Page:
Backbench Labour MPs have issued a warning to Jeremy Corbyn not to include a second Brexit referendum in any compromise deal thrashed out with Theresa May.
Negotiating teams from the Government and Labour sides were locked in intensive talks on Thursday to seek a consensus Brexit position ahead of a crunch summit in Brussels on April 10.
Arriving for talks in Whitehall, shadow Brexit secretary Sir Keir Starmer confirmed that a “confirmatory” referendum was among the ideas on the table for discussion.
And Chancellor Philip Hammond fuelled speculation that the Government may be preparing to accept a public vote as part of the price for securing a deal that can get through the House of Commons, describing a referendum a “perfectly credible proposal” in a interview on ITV1’s Peston.
But 25 Labour MPs have written a joint letter to Mr Corbyn warning that a second public vote would “divide the country further and add uncertainty for business”.
They warned: “A second referendum would be exploited by the far right, damage the trust of many core Labour voters and reduce our chances of winning a general election,” they warned.
Signatories included veteran backbenchers Sir Kevin Barron, Dennis Skinner and Ronnie Campbell, former minister Caroline Flint and MPs for Leave-voting areas of the North and Midlands including Gloria De Piero, Sarah Champion and Gareth Snell.
They said the policy adopted at Labour’s autumn conference made clear there was no need for a public vote if the party secures its preferred customs union deal, which was now “within reach”.
The letter reflects deep fissures within Labour over whether to demand a confirmatory vote as part of any compromise.
Deputy leader Tom Watson has said: “I don’t think our party would forgive us if we were to sign off on a Tory Brexit without that kind of concession.”
But Labour chairman Ian Lavery reportedly warned shadow cabinet colleagues on Wednesday that backing a referendum could split the party.
Meanwhile, a string of Cabinet ministers signalled that Tories could be prepared to compromise on Labour’s key demand of a post-Brexit customs union arrangement with the EU.
Attorney General Geoffrey Cox said on Wednesday that avoiding a customs union was not an “article of faith”, while Mr Hammond said Tories should be ready to look at it.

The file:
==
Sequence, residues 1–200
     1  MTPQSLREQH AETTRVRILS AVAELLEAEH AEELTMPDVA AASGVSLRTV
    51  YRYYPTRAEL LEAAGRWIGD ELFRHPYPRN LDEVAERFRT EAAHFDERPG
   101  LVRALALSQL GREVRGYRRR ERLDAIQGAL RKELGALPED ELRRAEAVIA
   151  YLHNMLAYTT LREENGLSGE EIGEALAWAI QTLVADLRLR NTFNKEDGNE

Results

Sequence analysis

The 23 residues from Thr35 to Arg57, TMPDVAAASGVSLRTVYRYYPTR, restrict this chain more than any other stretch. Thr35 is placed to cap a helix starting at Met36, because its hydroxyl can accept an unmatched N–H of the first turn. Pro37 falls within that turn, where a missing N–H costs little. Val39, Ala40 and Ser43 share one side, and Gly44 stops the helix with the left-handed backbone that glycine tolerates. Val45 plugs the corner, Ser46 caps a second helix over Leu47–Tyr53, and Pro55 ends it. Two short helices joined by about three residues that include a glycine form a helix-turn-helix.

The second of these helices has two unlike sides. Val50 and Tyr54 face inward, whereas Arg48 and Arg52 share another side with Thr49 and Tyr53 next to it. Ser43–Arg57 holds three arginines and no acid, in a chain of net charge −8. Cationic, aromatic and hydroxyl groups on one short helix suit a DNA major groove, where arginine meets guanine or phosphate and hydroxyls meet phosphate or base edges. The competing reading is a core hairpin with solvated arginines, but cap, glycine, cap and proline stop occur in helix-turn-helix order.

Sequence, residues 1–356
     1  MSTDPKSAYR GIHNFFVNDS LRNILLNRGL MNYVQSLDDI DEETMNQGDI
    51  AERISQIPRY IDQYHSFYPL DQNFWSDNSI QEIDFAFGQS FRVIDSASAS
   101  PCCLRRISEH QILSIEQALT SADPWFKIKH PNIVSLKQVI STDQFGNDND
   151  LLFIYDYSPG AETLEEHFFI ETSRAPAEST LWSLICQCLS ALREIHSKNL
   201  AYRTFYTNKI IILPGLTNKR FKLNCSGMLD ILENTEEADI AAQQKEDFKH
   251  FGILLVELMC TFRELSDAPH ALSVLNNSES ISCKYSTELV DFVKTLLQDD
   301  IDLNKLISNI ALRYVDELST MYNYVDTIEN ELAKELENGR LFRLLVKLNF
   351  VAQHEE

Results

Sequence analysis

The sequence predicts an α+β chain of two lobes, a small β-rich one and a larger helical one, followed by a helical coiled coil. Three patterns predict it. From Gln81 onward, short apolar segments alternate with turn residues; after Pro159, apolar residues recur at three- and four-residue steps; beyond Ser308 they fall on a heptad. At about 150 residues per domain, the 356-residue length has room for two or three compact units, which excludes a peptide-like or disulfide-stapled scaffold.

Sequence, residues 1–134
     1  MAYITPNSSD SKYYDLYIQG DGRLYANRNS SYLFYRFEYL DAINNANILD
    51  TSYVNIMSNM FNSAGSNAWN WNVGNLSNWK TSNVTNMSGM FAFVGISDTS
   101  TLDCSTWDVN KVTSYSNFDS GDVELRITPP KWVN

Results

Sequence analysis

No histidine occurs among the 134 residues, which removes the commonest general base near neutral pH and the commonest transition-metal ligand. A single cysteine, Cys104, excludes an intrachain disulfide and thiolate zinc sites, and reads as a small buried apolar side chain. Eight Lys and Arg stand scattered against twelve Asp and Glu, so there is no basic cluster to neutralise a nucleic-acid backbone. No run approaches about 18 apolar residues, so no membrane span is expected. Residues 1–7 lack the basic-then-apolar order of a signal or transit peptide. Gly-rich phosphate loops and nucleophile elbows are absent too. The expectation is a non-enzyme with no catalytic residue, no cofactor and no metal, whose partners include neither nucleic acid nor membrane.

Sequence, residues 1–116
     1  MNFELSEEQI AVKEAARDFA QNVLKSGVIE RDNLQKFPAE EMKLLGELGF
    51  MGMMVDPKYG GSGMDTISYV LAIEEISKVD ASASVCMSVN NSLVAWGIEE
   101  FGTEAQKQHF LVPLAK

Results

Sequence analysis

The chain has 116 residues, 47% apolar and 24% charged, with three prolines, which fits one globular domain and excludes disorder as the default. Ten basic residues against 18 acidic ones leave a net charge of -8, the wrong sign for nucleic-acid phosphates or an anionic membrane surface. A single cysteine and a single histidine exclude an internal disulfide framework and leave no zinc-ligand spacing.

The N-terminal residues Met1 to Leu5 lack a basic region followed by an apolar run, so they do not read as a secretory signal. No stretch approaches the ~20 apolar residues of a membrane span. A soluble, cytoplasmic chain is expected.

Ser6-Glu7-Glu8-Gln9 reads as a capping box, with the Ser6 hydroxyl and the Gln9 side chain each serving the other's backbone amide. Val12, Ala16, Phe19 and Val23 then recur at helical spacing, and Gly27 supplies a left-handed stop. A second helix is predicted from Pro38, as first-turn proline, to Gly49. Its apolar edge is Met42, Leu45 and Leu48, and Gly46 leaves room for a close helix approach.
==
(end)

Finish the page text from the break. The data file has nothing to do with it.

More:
“When you enter into a negotiation like this to find a compromise way forward, both parties have to give something up,” he told Peston. “There is going to be pain on both sides.”
Health Secretary Matt Hancock told BBC Radio 4’s Today programme that he preferred Mrs May’s deal to a customs union, but added: “I have spoken about the problems of a customs union and I don’t think it’s as good for the country. But I also want to deliver Brexit.”
Anger among Tory Brexiteers was increasing, with European Research Group deputy chairman Steve Baker branding the party leadership “out of step with members and, I think, the country”.
“If we find a majority of Conservative MPs voting against the policy, it’s not us who will be moving on,” he warned.
With time running out before Mrs May must inform European Council president Donald Tusk of the UK’s proposal, Downing Street appeared to indicate that it may not be necessary for MPs to approve any consensus deal ahead of the summit.
The PM’s official spokesman said the important thing was to provide the leaders of the other 27 EU states with “clarity” on the way forward, in order for them to feel able to offer a further extension to the Brexit process, which is currently due to end on April 12.
The spokesman said talks involving Mr Barclay, Mrs May’s effective deputy David Lidington and Chief Whip Julian Smith on the Government side and Sir Kier, shadow business secretary Rebecca Long Bailey and opposition chief whip Nick Brown from Labour, were proceeding with “urgency”.
But there was little sign of a conclusion in time to table a motion for a Commons debate on Monday by the Thursday evening deadline, leaving only Tuesday next week – the eve of the summit – for a possible vote.
Mrs May will be expected to spell out the UK’s plans in a letter to Mr Tusk in sufficient time for the other 27 leaders to consider them before they gather in Brussels on Wednesday evening.
Asked whether the Commons vote must take place before Mrs May puts pen to paper, the spokesman said: “What we are obviously working towards is being in a position to set out clarity to the European Council that there is a clear path in Parliament going forward which will allow the UK to leave with a deal and to ratify that deal as soon as possible.”
The House of Lords was debating whether to rush through a backbench bill designed to stop the UK crashing out of the EU next week, after it cleared the Commons in a single day on Wednesday.
But ministers warned that the bill, tabled by Labour’s Yvette Cooper and passed by the Commons with a majority of just one vote, could create the risk of an “accidental no-deal Brexit” because it gives MPs a vote on any extension obtained by Mrs May next week.
Brexit Secretary Steve Barclay told the Commons the measure could backfire if MPs reject the proposed delay, as there would be no time to renegotiate it before the deadline for departure on Friday.
And Mrs May’s official spokesman told reporters: “On Wednesday next week, the European Council could propose an extension of an alternative length to that put forward by Parliament, and under the Bill the Prime Minister would have to return on Thursday April 11 to put that proposal to the House.
“By April 11, the European Council will have concluded and the leaders will have returned to their member states.”
The spokesman added: “The Bill is going to go through the House of Lords today. I’m sure the House of Lords will want to look at the issues that the Secretary of State has raised.”